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Re: Announcing Perl 7

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Eric Wong
June 26, 2020 07:44
Re: Announcing Perl 7
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Karl Williamson <> wrote:
> I don't understand many of the objections.  No one is going to force people
> to move off 5.32, and we are promising a 5-10 year support window.  I think
> that is ample.

5-10 years is not that long a time, considering many scripts
have been running unchanged since the 90s or early 2000s.

While I'm happy to see my favorite language learning new tricks;
I strongly agree with everything Dave Mitchell said, especially
about "use v7".

Practically every protocol and data format nowadays advertises a
version number, and some of us use SPDX identifiers for licenses.
So think it's reasonable to require "use v7" or "use v8", etc.
in every package that wants new goodies.

I think it'll allow users to adopt new features sooner if it can
be done piecemeal for a large codebase, rather than all at once.

Fwiw, I wasted around 15 years of my life as a Rubyist; and
contributed to the core VM for ~8 of those years.  Every yearly
release was a struggle with deprecations and feature removals.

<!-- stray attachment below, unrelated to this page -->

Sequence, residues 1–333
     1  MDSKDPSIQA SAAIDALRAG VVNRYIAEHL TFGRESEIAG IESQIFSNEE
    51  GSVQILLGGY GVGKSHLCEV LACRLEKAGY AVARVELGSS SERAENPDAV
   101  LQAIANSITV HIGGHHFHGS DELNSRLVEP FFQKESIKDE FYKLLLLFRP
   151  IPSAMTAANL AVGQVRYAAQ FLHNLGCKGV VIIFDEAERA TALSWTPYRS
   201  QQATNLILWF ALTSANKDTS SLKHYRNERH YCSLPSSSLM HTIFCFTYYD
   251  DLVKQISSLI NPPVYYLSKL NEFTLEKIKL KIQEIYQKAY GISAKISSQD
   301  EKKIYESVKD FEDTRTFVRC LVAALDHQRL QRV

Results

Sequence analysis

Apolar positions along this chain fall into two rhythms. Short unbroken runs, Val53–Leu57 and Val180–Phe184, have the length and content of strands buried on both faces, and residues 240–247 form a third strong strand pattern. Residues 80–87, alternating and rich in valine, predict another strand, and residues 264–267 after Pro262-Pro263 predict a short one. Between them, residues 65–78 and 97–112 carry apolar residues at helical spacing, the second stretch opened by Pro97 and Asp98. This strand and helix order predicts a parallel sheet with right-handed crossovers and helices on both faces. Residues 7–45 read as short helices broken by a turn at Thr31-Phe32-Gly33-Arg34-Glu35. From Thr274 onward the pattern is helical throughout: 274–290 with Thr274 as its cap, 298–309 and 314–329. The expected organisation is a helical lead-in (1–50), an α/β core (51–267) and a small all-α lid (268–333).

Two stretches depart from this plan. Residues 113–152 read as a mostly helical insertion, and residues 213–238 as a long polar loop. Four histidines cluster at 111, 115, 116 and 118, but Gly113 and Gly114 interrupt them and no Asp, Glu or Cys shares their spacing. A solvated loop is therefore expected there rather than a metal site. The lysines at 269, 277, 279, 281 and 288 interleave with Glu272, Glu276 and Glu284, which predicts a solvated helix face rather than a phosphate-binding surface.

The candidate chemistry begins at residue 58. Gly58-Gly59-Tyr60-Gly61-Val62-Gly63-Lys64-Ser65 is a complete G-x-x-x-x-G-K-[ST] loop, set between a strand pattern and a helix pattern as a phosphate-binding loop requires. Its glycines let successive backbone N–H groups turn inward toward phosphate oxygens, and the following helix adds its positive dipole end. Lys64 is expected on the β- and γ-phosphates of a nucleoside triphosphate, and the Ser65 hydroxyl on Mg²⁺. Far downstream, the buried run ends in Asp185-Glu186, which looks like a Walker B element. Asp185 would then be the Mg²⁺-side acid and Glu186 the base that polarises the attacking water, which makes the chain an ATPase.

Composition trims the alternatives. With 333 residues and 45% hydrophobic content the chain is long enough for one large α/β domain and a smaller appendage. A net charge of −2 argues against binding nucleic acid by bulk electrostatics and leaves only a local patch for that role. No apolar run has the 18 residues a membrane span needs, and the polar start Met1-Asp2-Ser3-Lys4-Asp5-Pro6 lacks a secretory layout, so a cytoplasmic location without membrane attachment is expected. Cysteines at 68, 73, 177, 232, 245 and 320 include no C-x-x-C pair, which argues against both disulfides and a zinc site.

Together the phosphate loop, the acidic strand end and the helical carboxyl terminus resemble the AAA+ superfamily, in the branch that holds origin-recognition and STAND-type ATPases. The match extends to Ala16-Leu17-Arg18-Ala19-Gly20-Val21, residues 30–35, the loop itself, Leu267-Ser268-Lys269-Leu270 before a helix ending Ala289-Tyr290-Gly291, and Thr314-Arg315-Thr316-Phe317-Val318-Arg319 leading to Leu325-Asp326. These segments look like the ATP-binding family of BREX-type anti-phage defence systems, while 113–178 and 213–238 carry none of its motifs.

It never felt like I could build anything that could last
without constant care and feeding.

I still wrote and maintained some Perl throughout that time
(MogileFS and git.git).  It was a much smoother experience.  Not
perfect, but the only Perl incompatibilities I can remember off
the top of my head was a warning for abusing undefined behavior
on "each" and unescaped "{}" in regexps.

> I also need some examples as to why unicode_strings is problematic.  The
> dodgy behavior it fixes can't be what is intended going forward.  Maybe the
> default becomes it goes on, and you can turn it off for binary-like data
> with a renamed 'use bytes'.

I'm no expert in human texts, but it seems the world isn't as
textual, nowadays.  HTTP/2 and HTTP/3 are binary, at least; TLS
is everywhere; and I use pack/unpack/substr a fair amount for
random stuff, especially since I prefer to avoid XS or C.

I've always liked that Perl is close to Unix; especially in the
regard that one can treat everything as a bag-of-bytes.

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